Henri Korn was born in Wuppertal-Elberfeld in Germany, the son of Jewish-Polish immigrants who had fallen in love with German culture.
“In the autumn of 1938, an edict became law, which forbade Jewish children from attending Aryan schools. It caught up with me when I was nearly nine, in my third year of primary school.”
His beloved teacher of three years, with tears in her eyes, escorted him out the front door. The boy who couldn’t wait to grow up to be a Hitler Youth wandered the streets of his town noting, with a curious child’s precision, the growing preparation for war, though with some confusion as to which side he was on.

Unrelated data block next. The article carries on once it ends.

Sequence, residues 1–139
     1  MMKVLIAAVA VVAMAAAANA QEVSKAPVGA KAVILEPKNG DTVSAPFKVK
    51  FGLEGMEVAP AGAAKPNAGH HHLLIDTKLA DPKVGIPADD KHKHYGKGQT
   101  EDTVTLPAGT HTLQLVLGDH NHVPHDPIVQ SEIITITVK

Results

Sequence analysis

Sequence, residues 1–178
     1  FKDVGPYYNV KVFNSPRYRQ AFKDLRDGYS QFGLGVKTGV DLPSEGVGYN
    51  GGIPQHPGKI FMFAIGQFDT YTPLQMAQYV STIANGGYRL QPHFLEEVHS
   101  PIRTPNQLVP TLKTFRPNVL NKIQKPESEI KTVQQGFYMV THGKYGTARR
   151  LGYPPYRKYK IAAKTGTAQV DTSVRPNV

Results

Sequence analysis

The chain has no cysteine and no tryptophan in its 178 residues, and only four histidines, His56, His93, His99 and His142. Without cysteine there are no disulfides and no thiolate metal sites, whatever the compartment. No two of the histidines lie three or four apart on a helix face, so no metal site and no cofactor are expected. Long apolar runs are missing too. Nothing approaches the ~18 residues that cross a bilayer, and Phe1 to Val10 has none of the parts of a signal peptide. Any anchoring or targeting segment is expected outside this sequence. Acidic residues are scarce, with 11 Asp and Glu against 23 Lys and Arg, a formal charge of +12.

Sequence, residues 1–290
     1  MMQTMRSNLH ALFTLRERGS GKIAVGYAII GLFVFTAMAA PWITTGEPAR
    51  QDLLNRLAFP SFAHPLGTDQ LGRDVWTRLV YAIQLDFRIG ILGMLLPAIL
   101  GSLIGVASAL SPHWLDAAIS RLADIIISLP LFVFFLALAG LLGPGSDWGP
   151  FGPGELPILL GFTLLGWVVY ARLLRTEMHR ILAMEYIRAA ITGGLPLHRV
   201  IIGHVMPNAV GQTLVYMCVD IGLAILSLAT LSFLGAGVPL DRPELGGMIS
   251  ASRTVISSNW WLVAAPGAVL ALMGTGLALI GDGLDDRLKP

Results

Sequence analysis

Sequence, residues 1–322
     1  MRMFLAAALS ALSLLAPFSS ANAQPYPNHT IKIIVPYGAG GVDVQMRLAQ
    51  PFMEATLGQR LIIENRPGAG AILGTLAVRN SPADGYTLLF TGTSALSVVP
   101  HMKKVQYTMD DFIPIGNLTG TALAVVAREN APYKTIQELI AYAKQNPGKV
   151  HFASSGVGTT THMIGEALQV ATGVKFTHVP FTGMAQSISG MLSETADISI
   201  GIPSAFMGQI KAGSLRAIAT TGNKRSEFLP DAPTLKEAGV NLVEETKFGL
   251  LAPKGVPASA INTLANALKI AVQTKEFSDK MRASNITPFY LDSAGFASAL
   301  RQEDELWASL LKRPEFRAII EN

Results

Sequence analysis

Smuggled into Belgium in June 1939, his survival till 1945 was never certain, not even when in hiding for over two years in a children’s home run by the fearsome Madame Jacqmotte, who pressured all those under her care to convert to Catholicism.
There are two main themes in this book: the war experiences of a young boy; the other, his continuing struggle to define his identity.
A memorable, vividly told story.